“I grew up poor! We were so poor! Rupert, tell them!”
“They were so poor they had to piss in a bucket a block away!” Rupert said from the back porch, where he was working on the lawn mower.
“But we were proud!” Lucretia said. “My mother, she was the old Creole blood. She sold the calas on Dauphine, her apron white as an old nun, stiff as a young priest, and she’d go, “Belles calas! Mo gaignin calas, guaranti vous ve bons! Belles calas, belles calas!” And all the girls who worked up in their rooms, they’d come down to get Mama Diart’s cakes for their gentlemen who were sleeping it off in the beds like they’d get the strong coffee from Monsoir’s. The bottle they had already.”
“We ate the rouge ser riz, all the time! If we were lucky, Mama would get the ham joint that Hector Monsoir had saved for her because you see he was secretly in love with Mama from a long time ago when she was so beautiful and slender like a dancer with her laughing eyes.”
“They were so poor, she had to share her brassiere with her sisters!” Rupert tried to crank the lawnmower, but failed and he cussed.
“But not like those beans they make now!” Lucretia shouted. “Pah! Those beans they make now they taste like those little wads of dough the Italians boil to put in that red gravy they make. Beans that have no bones, no flesh, no . . . spirit. They use those big long-nosed beans, those . . . what do they call them, yes, them kidney beans, the light-colored ones like a bean the white people in the country use to put on their meal bread.” She made a face like spitting. “And they should be pissed on! No, she used the little red beans she bought from old Helene on Magazine.”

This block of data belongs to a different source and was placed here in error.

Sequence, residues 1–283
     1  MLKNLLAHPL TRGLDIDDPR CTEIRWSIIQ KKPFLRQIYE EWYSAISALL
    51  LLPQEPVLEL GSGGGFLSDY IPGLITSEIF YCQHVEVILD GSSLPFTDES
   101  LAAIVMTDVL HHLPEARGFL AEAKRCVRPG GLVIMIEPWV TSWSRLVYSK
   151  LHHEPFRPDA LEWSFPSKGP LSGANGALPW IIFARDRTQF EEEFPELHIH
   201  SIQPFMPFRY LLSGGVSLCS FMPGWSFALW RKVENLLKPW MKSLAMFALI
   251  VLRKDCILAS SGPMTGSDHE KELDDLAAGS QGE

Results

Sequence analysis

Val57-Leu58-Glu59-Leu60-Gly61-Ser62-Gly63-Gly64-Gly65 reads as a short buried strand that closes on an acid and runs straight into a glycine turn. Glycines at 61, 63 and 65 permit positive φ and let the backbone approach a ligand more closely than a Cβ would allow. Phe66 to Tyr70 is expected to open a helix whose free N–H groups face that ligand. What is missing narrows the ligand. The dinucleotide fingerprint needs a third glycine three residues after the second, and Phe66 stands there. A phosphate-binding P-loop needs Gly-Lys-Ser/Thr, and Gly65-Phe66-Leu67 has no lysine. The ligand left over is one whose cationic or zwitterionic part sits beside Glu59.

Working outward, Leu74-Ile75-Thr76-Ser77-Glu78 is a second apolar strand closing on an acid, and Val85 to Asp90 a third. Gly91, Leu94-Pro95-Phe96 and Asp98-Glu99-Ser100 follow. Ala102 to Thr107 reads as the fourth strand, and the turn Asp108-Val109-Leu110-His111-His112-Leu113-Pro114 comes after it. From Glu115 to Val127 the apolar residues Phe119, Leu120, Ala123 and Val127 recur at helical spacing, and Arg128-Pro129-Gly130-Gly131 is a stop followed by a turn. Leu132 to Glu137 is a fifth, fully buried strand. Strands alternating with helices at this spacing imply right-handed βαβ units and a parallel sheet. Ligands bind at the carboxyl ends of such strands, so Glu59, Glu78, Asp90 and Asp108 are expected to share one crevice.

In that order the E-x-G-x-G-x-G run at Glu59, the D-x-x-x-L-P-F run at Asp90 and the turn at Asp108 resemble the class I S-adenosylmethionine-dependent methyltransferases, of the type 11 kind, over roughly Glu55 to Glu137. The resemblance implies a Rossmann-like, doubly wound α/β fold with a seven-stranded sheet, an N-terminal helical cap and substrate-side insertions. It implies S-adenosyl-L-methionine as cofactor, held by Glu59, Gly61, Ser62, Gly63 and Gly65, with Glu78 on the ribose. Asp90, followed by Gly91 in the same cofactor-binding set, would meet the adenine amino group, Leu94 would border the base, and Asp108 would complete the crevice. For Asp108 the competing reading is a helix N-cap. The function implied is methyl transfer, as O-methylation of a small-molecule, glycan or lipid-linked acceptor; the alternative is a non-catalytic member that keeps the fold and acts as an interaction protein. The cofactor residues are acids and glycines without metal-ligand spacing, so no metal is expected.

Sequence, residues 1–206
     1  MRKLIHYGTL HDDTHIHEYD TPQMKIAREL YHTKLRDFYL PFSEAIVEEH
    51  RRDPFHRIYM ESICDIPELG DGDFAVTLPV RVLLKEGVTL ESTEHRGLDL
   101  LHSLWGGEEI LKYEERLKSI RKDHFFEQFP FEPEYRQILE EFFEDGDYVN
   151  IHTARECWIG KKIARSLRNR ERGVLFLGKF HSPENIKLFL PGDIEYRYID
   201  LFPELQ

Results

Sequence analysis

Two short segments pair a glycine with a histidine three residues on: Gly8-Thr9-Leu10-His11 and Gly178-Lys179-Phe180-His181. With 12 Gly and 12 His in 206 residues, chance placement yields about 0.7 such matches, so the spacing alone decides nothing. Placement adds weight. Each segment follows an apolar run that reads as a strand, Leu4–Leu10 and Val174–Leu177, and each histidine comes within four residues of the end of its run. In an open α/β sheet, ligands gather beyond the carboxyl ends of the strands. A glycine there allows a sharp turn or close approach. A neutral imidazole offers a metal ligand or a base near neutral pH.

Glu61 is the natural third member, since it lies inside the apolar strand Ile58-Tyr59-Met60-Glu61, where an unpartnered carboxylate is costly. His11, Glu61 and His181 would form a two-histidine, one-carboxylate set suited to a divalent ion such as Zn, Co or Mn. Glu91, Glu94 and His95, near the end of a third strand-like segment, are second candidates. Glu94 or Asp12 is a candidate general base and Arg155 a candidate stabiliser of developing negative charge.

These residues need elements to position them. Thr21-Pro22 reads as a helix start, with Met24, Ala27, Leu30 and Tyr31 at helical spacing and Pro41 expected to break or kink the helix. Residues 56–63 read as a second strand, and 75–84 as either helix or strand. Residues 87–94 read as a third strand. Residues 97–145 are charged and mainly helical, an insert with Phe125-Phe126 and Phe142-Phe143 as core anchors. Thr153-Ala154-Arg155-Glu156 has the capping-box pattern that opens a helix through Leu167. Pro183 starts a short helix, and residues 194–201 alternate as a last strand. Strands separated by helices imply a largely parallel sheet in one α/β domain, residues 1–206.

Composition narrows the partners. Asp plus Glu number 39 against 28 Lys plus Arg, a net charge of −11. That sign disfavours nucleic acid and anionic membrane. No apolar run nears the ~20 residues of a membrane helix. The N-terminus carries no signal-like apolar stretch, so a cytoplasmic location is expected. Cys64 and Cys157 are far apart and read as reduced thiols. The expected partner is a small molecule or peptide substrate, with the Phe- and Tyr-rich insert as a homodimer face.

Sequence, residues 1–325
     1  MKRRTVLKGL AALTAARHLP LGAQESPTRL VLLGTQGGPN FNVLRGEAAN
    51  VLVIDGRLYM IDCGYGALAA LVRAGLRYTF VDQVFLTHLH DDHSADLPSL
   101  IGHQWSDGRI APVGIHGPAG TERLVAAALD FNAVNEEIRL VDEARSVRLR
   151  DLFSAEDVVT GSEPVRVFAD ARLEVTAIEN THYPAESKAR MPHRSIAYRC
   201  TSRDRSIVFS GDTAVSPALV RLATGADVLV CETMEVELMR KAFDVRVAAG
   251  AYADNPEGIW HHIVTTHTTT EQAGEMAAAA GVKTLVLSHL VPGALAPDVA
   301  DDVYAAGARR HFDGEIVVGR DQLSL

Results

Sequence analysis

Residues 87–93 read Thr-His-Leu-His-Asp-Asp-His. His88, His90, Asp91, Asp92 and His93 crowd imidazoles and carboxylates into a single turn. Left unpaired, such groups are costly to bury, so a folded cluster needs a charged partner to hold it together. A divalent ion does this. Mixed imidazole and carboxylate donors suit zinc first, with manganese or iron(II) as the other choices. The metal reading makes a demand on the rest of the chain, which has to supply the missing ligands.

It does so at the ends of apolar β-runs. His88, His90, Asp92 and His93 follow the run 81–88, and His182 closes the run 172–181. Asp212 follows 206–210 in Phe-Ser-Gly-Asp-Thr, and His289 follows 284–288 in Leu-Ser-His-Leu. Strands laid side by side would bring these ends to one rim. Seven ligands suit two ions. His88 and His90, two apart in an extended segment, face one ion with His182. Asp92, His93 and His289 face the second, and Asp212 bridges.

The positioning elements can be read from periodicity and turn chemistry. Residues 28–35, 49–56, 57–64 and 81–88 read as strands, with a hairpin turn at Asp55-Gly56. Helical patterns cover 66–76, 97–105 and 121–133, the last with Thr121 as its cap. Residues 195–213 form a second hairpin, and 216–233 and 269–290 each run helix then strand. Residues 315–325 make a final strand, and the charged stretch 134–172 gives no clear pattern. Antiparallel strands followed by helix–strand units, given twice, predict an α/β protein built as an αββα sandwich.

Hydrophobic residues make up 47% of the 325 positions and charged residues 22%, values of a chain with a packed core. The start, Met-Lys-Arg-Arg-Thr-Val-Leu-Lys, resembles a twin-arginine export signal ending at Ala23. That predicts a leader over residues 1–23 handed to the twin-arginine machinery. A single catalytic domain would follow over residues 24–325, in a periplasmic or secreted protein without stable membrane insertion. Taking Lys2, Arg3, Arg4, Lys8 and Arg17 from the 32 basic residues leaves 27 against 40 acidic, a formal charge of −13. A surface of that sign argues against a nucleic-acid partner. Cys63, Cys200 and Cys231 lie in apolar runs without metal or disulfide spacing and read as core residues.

“They were so poor, if her brothers didn’t wake up with bones, they didn’t have anything to play with!” Rupert pulled the cord and the mower cranked, coughing and spitting. He pushed it into the yard and began mowing.
“She would bring the beans home when she sold her cakes, put them in the big pot on the back of the stove with water enough over the joint and start the laundry for the ladies in the Quarter. All afternoon they’d soak, and she’d start the fire. She had the herbs, too, from the market on Decatur, and pepper.
When we all got home she made the rice, and we would eat while all around us we could hear music play and see shadows dancing in the pretty rooms where the ladies sprayed perfumes on the pink lampshades.”